Employer pulls plug on inappropriate emails

Emails were contrary to policy and breached employer's trust

A Manitoba government employee irreparably damaged the employment relationship with inappropriate computer use at work for two years, an arbitrator has ruled.

The 54-year-old employee, referred to as K.S. in the decision, was a “designated officer” working as a court clerk in the maintenance enforcement program for the province of Manitoba. He worked for the province for 30 years with no performance problems. His only discipline came in 1997 when he suspended for seven days for placing “sexist, profane, vulgar, and in short highly objectionable” material on his government computer from correspondence between himself and others outside of the office. K.S. was told his computer was for work only and using it for personal matters was prohibited. K.S. admitted his misconduct and apologized. The province warned him similar conduct would be subject to discipline up to and including dismissal.

In fall of 2013, the province conducted an investigation into the conduct of several employees. The investigation revealed suspicious activity on K.S.'s office computer, so the city conducted an audit of his computer usage. The audit uncovered “hundreds of personal emails of an inappropriate nature” on his computer, including ones with pictures and jokes unrelated to his work. This included photographs of naked women, pictures of sexual activity, and lewd jokes. Most of the emails were ones K.S. sent — some to other government employees, some to outside people — though some he received. Very few were sent to co-workers in the maintenance enforcement program.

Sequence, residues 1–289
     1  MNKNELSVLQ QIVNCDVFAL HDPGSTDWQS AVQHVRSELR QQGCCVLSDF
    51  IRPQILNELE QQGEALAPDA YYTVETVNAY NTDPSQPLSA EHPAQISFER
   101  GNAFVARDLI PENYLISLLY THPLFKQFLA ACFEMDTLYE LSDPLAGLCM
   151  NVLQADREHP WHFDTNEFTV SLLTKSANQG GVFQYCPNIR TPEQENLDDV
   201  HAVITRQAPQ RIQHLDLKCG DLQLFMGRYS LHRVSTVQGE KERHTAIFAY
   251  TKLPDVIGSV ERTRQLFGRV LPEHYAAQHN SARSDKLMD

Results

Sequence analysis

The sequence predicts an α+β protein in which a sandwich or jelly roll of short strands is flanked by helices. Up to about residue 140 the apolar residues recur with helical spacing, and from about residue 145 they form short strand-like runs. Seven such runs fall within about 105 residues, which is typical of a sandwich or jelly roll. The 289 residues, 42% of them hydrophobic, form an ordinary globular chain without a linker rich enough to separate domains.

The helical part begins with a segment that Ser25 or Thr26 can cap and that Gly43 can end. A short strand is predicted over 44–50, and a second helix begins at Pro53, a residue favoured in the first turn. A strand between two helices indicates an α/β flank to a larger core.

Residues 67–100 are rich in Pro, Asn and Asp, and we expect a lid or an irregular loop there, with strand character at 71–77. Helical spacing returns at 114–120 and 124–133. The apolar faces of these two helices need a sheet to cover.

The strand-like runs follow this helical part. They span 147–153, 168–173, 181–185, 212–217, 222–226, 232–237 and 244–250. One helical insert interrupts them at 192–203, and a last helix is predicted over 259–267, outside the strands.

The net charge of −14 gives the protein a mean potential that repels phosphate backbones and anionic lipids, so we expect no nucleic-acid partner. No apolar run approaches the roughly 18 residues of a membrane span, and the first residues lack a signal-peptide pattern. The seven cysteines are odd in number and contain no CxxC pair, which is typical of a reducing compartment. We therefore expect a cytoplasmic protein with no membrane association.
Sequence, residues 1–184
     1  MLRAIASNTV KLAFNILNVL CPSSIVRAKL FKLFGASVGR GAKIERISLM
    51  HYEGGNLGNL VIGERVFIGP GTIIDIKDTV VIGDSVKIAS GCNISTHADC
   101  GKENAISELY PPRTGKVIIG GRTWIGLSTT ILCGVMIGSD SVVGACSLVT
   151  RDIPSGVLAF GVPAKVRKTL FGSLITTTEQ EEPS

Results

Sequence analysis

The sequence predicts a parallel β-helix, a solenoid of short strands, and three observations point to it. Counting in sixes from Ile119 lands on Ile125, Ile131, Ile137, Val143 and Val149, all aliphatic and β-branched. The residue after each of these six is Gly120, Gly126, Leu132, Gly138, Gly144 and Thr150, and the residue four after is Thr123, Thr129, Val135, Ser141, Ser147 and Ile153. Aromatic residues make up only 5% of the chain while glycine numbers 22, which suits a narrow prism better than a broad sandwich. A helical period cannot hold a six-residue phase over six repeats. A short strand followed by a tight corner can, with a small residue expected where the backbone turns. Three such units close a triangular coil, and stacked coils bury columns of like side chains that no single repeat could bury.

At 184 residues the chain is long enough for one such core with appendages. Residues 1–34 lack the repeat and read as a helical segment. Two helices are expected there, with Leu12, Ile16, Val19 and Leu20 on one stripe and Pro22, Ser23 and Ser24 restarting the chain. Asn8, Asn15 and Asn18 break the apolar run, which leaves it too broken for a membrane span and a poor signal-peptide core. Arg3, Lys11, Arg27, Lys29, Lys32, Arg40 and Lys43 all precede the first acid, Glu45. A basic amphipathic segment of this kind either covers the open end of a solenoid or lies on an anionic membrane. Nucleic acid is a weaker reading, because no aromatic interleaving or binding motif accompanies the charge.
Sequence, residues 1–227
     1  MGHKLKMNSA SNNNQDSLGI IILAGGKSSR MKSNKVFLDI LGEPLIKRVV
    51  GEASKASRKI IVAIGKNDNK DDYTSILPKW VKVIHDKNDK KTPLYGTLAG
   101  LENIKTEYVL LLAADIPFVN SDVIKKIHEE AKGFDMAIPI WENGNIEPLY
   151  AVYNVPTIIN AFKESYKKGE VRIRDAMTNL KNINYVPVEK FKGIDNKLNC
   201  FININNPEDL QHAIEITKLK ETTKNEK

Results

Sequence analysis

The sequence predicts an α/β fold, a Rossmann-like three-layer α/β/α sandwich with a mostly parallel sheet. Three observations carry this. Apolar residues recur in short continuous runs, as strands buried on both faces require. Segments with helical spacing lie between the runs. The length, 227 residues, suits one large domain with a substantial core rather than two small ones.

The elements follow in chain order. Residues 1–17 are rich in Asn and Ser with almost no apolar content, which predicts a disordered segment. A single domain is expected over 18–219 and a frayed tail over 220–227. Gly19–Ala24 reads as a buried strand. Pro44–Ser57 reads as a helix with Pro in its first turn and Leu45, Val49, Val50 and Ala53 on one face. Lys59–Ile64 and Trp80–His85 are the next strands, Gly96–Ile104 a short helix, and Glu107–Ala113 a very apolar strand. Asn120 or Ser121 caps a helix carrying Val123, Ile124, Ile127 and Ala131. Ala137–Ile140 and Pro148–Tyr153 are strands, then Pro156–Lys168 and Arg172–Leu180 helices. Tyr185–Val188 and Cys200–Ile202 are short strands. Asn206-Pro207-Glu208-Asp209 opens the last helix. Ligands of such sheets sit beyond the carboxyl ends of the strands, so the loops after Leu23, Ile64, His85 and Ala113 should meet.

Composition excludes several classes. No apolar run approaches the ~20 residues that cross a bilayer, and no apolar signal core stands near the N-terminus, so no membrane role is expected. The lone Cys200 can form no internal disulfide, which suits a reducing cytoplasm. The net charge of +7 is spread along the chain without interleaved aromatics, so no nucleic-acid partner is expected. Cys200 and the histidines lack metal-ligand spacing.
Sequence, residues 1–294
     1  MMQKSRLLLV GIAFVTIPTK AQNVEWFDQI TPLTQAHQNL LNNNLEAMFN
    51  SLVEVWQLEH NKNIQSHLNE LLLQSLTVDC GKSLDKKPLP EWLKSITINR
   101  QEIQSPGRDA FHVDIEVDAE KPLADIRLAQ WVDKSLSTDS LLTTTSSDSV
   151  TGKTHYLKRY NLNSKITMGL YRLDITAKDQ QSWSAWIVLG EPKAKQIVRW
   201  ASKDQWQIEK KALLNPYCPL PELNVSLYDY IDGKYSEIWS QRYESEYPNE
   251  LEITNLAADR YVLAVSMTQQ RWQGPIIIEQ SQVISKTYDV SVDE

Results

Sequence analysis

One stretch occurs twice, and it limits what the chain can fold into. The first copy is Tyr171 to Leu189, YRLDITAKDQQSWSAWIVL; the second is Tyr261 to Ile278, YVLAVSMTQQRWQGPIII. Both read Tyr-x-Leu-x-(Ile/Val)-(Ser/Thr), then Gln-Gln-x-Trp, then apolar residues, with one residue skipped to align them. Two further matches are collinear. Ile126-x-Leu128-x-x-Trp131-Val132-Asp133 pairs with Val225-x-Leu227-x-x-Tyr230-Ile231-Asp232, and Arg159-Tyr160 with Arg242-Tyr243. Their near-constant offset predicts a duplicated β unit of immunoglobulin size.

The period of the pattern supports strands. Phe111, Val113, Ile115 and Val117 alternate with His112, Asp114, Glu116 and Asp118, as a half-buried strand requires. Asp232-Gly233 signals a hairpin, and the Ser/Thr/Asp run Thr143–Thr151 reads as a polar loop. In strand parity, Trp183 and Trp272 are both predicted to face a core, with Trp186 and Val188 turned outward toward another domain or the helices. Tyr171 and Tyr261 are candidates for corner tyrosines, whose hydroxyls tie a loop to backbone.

Some of the emails included negative and sarcastic remarks about the work of government employees. This angered K.S.’s director, who felt it encouraged an incorrect view of her staff who were hard-working.

The emails were spread over a period of two years and breached several government policies, of which all employees should have been aware, including that government computers should not be used for personal purposes or for accessing pornography.

It was decided K.S. should be dismissed, but the province called a meeting to give him a chance to explain his actions. K.S. didn’t apologize or acknowledge any wrongdoing, though he testified he would have if given a chance. A union representative told the director outside of the meeting that K.S. recognized what he did was wrong and asked if they would consider a six-month suspension. The director would not without a satisfactory explanation.

The province terminated K.S.’s employment for “an excessive amount of highly inappropriate, discrespectful, degrading, racist and sexual and lascivious communications” on a work computer, as well as for downloading personal photographs and video clips on a government computer.

Four other employees were investigated for improper computer use. Of these, three resigned while another retired.

The arbitrator found K.S.’s misconduct was “serious, persistent, and very troubling in terms of the nature and volume of the material he disseminated.” It could not be categorized as impulsive, since it took place over two years, and he had an instance of prior discipline for similar misconduct, said the arbitrator.

Though K.S. said he wasn’t given an opportunity to apologize, the arbitrator found he did have the opportunity at the meeting and did not provide any explanation or acknowledgment. Though K.S. testified he felt remorse for his actions, he made no attempt to express it before his grievance hearing. This raised the possibility his remorse came from his financial situation rather than his misconduct, said the arbitrator.

The arbitrator agreed with the province that the extent of K.S.’s misconduct, considering he had previous discipline for similar misconduct, irreparably damaged the employment relationship. However, since other employees in similar situations were allowed to resign or retire, the arbitrator determined K.S. should be allowed to resign with its benefits and communications to third parties. If he did not resign within 30 days, the termination would remain in effect. See Manitoba (Province) and MGEU (S. (K.)), Re, 2015 CarswellMan 25 (Man. Arb.).

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